RB: Great question. It’s the old ‘who needs to cross the river’ syndrome. I don’t think we’re isolated, although there is a definite sense of JP pride. Many of the bands playing as well as the ones we’re still considering perform all over town. Music is not isolating. Music crosses all rivers. The JP Music Festival, with sufficient hoped-for publicity, and after this year’s success especially, expects to draw fans and friends from everywhere in the city. This ain’t no private party.

BBC: Over 100 artists applied to perform at the festival. What were some determining factors in choosing performers?
RB: As I said earlier: genre variety, ethnicity, gender. We want it to be a show that never lags, with music that hits the heart of everyone in the crowd.

There have been talks of an after-party. Please share the details!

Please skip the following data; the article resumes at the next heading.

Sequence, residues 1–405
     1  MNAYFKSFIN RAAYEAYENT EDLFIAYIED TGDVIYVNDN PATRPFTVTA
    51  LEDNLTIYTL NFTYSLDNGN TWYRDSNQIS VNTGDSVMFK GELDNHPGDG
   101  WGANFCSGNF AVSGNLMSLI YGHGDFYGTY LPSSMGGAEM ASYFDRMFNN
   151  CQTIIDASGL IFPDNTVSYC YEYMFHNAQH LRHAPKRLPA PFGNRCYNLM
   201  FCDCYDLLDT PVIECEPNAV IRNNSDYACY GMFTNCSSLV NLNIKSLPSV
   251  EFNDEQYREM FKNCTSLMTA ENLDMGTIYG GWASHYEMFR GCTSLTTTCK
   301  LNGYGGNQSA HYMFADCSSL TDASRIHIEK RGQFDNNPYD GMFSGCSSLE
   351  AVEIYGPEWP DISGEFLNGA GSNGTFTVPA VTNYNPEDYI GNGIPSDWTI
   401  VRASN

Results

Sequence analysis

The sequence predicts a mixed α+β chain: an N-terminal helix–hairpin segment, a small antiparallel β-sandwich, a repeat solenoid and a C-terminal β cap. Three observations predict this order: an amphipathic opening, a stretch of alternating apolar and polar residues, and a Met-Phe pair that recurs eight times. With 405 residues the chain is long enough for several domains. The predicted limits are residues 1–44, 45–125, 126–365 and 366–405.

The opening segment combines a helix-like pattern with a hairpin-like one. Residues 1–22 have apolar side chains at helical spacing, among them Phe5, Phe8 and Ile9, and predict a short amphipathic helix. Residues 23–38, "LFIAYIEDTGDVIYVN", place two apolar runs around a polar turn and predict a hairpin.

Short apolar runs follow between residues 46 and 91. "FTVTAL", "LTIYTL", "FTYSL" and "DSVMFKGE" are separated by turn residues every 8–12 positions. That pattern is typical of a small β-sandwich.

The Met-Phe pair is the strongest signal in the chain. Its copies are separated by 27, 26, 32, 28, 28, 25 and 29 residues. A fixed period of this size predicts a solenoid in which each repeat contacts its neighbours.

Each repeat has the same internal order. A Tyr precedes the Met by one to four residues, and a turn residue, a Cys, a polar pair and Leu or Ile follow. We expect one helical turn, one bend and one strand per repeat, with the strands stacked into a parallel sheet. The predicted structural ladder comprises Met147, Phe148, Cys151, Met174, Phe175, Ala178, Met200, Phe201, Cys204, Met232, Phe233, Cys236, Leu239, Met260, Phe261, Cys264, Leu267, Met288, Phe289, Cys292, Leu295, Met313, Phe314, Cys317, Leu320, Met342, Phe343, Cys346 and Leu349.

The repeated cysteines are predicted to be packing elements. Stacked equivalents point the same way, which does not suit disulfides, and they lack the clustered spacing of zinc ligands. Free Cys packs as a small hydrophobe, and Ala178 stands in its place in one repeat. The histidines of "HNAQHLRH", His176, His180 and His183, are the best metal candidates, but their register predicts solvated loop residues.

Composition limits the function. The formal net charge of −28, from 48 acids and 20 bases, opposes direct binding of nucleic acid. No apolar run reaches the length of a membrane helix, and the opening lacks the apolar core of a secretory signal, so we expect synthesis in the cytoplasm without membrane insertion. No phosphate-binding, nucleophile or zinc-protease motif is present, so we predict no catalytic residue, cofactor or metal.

RB: This is a new concern. We’re now calling it a Staff Party (at the Midway Cafe). We’ll have bands who didn’t play at the Pond, play here. What we overlooked was the fact that there are so many musicians performing (in both places) that they, plus their friends, we will most likely fill the Midway to capacity. (Spill-over welcome of course at Doyles next door.) In other words: the guest list is going to be lengthy!

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Updated: Here’s the current lineup (note the additon of the Violent Femmes’ Gordon Gano, who’s sister is a JP resident):
Main Stage

Opening Ceremony 1:00
The Model Planes 1:25
Sweatshop 1:50
Brief Awakening 2:20
The Nickel & Dime Band W/ Rick Berlin 2:50
Gordon Gano of The Violent Femmes + Mercy Seat W/ The Nickel & Dime Band 3:10
The Old Edison 3:45
Needy Visions 4:15
Tallahassee 4:50
So Sol 5:25
The Delta Swingers 6
The Angelic Slugs 6:25
Closing Ceremony 6.55

Second Stage
Shepardess 1:05
Deta Galloway 1:20
Heather Foxwell & Friends 1:40
The Chris North Dream Quartet 2:05
Lenny Lashley 2:35
James Merenda & Ticklejuice 3:30
Molly & Tess Pope 4
Malicious Intent 4:05
Timinandi 4:35
Mr Sister 5:10
Coyote Kolb 5:40
Aug 20 / 1-7pm / All Ages / FREE!